I appreciate a good TV remote as much as the next guy.
It used to be that you had to get up out of your chair to turn a channel, or increase the volume, or set the vertical hold, or adjust the contrast. And you just did it, not paying attention at all to having to get up and down, and up and down.
But you didn’t have nearly as many channels to choose from, which meant you were treading water in the low end rather than channel surfing. There was no wave to catch. The cable tide had not come in.
Somewhere along the line decades ago, scientists, or engineers, or spooks at the CIA developed remote-control devices that would change the channels for you, and do all the other things you had to do after you walked from the couch to the TV to fiddle with knobs. They had come up with some sort of ray that allowed the remote to communicate with the TV.
And I was more than fine with that. I didn’t expend a lot of energy turning channels or adjusting the volume, but this saved me a few precious steps. And over the decades, the remote became a matter of principle rather than a matter of necessity.
If they were going to make TVs, VCR and DVD players operate by remote control, then, by golly, they had better work because we could no longer bother with buttons and knobs and having to get out of our chairs. The worst thing that could happen is for the remote to disappear.
It couldn’t have gone farther than the living room because the remote served no useful purpose away from the TV. It couldn’t open the garage door, or the car door, for that matter, and why it couldn’t, I do not know. We have remote controls for garage doors – one of the greatest innovations ever if you happen to arrive home in a cold fall-like downpour – and it would seem that the so-called universal remote would be able to operate everything.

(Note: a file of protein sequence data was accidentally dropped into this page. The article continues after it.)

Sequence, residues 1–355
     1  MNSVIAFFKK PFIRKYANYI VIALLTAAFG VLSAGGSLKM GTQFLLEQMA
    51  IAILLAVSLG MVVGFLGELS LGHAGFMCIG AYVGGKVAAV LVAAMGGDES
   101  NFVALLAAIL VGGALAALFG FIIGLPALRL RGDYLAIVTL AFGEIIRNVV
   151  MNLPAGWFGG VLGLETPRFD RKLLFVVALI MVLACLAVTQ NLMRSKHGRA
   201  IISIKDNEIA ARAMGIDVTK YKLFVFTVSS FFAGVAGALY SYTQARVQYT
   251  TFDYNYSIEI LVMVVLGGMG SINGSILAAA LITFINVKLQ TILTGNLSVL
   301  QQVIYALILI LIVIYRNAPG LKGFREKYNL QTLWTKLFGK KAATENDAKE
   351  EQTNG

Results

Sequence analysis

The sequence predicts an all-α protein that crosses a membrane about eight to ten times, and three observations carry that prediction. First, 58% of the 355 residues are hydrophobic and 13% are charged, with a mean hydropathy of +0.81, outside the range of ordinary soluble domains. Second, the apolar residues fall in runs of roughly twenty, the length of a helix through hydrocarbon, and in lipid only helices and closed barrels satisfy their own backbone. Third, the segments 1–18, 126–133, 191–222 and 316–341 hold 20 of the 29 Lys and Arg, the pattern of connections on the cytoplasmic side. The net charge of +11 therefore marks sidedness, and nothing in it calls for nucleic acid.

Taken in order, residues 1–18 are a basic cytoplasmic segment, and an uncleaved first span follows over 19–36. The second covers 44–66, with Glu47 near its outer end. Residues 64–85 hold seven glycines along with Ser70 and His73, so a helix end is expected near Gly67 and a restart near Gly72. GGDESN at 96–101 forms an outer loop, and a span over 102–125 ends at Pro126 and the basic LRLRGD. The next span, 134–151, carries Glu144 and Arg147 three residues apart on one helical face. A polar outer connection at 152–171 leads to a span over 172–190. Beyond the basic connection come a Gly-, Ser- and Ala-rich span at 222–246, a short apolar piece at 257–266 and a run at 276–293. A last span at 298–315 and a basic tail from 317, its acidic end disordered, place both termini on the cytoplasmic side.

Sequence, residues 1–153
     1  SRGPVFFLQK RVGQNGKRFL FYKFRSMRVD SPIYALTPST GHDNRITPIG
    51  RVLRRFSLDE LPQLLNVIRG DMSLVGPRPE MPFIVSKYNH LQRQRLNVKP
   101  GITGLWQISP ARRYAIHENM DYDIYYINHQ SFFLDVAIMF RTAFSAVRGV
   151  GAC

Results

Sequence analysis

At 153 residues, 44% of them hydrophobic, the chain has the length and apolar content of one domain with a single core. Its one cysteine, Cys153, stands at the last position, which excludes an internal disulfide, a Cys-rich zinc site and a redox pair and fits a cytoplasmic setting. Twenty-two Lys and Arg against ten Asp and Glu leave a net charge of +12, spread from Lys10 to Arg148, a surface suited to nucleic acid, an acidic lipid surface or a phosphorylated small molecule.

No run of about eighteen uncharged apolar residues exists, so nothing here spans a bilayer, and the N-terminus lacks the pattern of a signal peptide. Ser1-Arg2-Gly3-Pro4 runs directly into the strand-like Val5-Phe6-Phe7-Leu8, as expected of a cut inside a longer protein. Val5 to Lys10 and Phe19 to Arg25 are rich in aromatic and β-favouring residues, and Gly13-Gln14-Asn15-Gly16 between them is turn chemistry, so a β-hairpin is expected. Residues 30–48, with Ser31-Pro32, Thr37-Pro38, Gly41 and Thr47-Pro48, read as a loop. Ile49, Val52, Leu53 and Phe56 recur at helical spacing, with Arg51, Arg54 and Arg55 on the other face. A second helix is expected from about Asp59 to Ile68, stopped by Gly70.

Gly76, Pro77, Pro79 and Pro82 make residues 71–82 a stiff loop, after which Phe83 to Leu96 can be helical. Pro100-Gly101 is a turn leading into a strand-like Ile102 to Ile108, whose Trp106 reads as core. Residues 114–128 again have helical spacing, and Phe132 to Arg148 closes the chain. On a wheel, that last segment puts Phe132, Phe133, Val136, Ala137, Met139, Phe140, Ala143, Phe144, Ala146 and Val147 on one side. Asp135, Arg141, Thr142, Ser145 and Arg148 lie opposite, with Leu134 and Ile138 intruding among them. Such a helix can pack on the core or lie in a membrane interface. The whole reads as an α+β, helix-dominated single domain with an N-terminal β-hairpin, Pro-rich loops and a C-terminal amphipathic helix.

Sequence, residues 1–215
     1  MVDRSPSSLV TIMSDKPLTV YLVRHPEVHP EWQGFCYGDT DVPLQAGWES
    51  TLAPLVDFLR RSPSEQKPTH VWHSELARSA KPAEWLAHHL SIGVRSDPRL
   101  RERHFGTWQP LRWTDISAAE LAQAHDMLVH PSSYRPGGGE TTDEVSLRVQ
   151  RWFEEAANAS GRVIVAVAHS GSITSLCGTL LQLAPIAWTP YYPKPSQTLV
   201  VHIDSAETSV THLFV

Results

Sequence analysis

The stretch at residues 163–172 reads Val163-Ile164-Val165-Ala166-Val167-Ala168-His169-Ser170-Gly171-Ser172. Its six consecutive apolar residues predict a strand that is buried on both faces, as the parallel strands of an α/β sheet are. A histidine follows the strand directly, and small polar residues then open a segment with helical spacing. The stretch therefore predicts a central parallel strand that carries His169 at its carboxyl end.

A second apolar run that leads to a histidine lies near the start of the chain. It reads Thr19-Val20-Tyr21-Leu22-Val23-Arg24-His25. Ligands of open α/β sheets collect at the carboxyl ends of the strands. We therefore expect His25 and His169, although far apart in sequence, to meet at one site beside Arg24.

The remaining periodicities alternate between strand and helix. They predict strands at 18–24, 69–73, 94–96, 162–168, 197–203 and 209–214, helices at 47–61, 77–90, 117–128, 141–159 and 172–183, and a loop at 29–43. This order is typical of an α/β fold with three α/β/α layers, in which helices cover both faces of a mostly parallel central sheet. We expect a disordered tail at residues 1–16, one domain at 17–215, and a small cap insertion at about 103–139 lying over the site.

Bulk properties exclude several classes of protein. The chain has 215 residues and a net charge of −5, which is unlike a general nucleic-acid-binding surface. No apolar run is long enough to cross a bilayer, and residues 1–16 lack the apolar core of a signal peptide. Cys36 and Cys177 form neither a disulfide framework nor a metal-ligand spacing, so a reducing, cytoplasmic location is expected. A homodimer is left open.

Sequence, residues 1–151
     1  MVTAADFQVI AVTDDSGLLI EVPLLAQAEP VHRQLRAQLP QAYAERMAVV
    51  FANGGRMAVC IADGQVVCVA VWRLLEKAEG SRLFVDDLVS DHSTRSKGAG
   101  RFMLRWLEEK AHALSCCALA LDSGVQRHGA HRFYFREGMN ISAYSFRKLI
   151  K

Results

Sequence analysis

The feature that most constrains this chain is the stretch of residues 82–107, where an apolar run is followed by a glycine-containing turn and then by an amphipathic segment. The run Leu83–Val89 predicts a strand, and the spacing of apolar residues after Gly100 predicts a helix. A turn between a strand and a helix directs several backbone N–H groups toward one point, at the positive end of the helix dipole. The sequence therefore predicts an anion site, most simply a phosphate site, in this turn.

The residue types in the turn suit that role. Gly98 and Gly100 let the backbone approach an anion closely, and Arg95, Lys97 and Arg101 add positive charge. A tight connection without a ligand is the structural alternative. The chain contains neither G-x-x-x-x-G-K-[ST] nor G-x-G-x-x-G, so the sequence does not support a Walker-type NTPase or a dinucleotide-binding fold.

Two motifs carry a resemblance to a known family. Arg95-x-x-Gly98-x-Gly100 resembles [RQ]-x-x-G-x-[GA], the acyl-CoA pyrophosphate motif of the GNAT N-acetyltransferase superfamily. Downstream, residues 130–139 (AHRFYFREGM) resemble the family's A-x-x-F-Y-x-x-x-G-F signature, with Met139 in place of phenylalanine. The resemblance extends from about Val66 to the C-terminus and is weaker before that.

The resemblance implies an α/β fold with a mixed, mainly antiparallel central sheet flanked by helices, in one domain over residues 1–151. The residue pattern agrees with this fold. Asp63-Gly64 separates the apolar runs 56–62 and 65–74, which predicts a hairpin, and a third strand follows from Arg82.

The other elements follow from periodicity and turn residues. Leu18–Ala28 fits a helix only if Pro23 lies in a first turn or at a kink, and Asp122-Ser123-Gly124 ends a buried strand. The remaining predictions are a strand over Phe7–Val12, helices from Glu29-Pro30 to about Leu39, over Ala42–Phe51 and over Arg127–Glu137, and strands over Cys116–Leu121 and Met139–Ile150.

So the remote would be tucked under a couch or chair cushion or under furniture, and sometimes, it would be missing for days on end, when the couch would simply belch it up, unable to digest it. And everyone would be relieved. We won’t let that happen again; lesson learned!
But remotes are pretty much essential to watching TV because the cable companies offer us so many channels and options that you would spend most of your night in front of the TV selecting the channels to bop back and forth between, and adjusting the volume during commercials, and making Netflix or the DVD player work.
Watching TV has become complicated with all of the offerings that are available. And that’s a good thing. I think.
It takes us on minimum usually two remotes to watch TV. The main remote is this monster that is the size of a nice bass, about 9 inches long, and it has more buttons on it than I can begin to count. It’s the universal remote that sets the stage for network TV, Netflix or the DVD player, and it you use the latter two, you have to switch to secondary remotes. So much for universal.
I can’t begin to tell you what all the buttons on the remote do, but you have to hit a strange, completely counterintuitive mix of buttons to make the TV accept auxiliary devices. I don’t try to understand it; I’ve been trained, and that’s good enough. It gets the job done.
I know how to adjust the volume and change channels, use the mute and previous-channel button. I can’t begin to find the button that displays the menu for what’s playing on different channels, so we generally don’t watch different channels.
But for about a week – and this was only on Netflix – we had tapped a combination of buttons that activated the captions for the dialogue. Which is annoying if the program is in English and you speak English. These aren’t the tiny captions that you often find on foreign films, but great big yellow captions that even I could read from across the room, and it’s been three years since I’ve been to the eye doctor.
We fought it for a while, but couldn’t stop the captions, so after a few days, we got used to them, and you kind of learned to look through them and avoided the temptation to read them.
And that’s what I don’t like about remotes, as convenient and essential as they are. Remotes are smarter than I am, and that’s just not right.
After a week or so, the captions disappeared. I’m not sure what happened, but suddenly they were gone, and we could more fully enjoy TV without reading through the captions. Suddenly, all was right with the world. I once again was almost as smart as the remote.
• Dick Peterson, who lives in Woodstock, is a mental health advocate. He is a freelance writer and a former Northwest Herald Opinion Page editor. He can be contacted at firstname.lastname@example.org.